Last Saturday, when Boris Johnson declared that he would campaign for Great Britain to leave the EU, he said that he wanted to put the ‘Great’ back into Great Britain and that we needed to ‘take back control’ of our lives. These are obviously populist remarks and play into the deep, emotional longings of many people. For that reason they are worth examining.
My parents era (born circa 1920s and 30s) were brought up with the idea that Britain was a great force for good in the world. Our colonial history was something to be proud of. We had brought civilisation to so many areas of the world. Our education, our science and engineering, our laws and our institutions and, most of all, our values were a beacon of hope in a dark world. These days we don’t see these things. Instead we tell a story of oppression and corruption. Warren Hastings is seen as leading a systematic extortion of India. Our treatment of indigenous peoples in Australia and New Zealand was cruel in the extreme. Our role in the slave trade was diabolical. The list goes on, but there is no doubt that those of us born in the 50s and later find it hard to tell the old story of our history today. This shift in narrative has been very painful for the older generation, but it has made us more humble participants in the world. We find it easier to draw alongside other nations that have their own histories, where Britain is not centre stage, or not loved. There is something exclusive about ‘greatness’, which is why it is no coincidence that those who want to put the ‘great’ back into Great Britain also want to leave the EU. So, I guess, one of the dynamics of the upcoming referendum will be about what story we tell about ourselves as a nation, and what story we tell of others.
Underneath and determining the outcome of this storytelling process are our systems of belief, values and commitments. The idealistic view of Britain’s past is surely a form of myth-making, close to a religious belief. That is why such people love to sing ‘And did those feet in ancient time walk upon England’s pleasant land… and ‘I vow to thee my country… and other such hymns. These hymns stir the soul, inspire the passions, rekindle the devotion. Meanwhile others of more recent birth have an empathic sensitivity forged in a quite different furnace. They agonise for the slaves, the impoverished and the exterminated. Their passion is no less. Their belief is no less idealistic. And the test of civilisation is probably whether we can hear the voice of the other and reach a greater truth that neither side on their own can provide.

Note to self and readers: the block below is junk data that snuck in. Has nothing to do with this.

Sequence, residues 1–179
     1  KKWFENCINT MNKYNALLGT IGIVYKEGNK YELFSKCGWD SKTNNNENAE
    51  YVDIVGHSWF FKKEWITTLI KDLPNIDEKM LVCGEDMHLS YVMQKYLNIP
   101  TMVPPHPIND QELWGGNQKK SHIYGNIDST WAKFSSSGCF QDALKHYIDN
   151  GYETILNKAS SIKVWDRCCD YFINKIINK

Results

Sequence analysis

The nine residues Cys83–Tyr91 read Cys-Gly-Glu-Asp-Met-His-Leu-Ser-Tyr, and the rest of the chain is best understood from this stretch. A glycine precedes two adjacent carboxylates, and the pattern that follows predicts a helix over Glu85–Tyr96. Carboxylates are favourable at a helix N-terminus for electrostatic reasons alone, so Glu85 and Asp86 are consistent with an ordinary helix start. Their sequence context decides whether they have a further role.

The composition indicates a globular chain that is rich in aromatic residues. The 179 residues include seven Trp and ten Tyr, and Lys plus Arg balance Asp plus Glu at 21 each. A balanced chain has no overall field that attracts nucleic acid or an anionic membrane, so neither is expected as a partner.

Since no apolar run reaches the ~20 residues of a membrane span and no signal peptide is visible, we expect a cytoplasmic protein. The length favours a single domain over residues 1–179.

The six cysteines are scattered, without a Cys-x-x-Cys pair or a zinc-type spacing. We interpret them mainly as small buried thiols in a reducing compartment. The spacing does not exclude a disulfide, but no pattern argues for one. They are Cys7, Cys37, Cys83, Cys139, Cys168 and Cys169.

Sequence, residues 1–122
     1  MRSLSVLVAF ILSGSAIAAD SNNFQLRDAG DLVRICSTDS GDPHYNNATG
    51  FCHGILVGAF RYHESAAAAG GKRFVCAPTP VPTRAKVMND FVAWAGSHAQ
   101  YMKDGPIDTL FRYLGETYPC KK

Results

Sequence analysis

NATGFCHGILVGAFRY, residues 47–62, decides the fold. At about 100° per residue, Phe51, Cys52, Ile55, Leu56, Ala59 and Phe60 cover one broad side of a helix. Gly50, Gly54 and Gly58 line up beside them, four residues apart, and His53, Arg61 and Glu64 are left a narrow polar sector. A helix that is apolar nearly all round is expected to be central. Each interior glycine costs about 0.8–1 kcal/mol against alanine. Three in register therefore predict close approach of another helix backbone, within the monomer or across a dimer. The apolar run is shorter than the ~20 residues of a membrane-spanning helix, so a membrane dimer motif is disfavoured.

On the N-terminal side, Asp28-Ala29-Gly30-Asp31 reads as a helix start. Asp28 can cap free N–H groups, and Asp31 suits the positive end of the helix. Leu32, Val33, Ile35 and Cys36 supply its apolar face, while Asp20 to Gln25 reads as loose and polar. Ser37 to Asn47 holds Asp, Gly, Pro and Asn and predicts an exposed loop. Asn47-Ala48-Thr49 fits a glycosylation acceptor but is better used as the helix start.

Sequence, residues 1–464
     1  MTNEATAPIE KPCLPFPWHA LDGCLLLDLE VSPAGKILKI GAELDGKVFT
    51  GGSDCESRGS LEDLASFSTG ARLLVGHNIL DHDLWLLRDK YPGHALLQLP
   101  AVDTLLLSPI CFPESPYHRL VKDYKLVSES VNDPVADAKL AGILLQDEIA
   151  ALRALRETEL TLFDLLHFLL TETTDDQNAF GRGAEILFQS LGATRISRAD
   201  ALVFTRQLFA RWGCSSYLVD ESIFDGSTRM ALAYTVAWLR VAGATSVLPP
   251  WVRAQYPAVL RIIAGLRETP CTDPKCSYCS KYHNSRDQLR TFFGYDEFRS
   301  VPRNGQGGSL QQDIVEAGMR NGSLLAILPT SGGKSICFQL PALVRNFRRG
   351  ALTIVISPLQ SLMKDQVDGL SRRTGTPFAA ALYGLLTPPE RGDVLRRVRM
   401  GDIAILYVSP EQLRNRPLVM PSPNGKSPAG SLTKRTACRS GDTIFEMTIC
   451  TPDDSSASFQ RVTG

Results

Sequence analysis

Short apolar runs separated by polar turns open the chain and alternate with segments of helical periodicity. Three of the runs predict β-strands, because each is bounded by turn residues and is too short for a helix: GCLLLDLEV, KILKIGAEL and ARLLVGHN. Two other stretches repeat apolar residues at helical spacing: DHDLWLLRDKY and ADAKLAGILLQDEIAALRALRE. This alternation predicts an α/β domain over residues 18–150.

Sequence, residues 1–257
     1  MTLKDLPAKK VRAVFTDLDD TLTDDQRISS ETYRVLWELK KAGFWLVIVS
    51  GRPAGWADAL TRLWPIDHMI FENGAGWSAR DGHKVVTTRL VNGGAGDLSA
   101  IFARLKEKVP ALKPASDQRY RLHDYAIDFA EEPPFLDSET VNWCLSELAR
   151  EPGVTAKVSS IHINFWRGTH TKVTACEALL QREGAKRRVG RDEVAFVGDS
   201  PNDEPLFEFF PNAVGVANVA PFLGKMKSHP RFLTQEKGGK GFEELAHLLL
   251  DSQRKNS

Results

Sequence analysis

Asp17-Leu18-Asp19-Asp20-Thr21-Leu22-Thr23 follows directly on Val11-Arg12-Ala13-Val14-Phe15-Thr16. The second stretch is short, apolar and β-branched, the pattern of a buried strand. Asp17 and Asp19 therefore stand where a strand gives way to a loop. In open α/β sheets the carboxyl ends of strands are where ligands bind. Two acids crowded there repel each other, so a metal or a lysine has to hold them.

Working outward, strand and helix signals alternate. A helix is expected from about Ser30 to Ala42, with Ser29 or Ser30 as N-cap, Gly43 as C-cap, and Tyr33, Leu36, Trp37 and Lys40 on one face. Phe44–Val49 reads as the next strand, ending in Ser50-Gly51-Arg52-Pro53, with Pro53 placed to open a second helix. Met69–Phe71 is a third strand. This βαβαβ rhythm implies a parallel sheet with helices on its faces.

Here is an extract from my forthcoming book ‘Rise up with wings like eagles’ that makes this point.
Human beings negotiate their deepest commitments through story. Every society needs to examine the quality of its storytelling. A good story challenges us to our heart. It opens up new ways of seeing the world. It shapes our politics, our faith and our life. It can topple the most entrenched bigot. It can release fountains of joy. There is no one right story. There are always many ways a story can be told, but each, like the stroke of an artist’s brush, provides a new colour to the world.
I hope to cover the ‘take back control’ idea in a future post.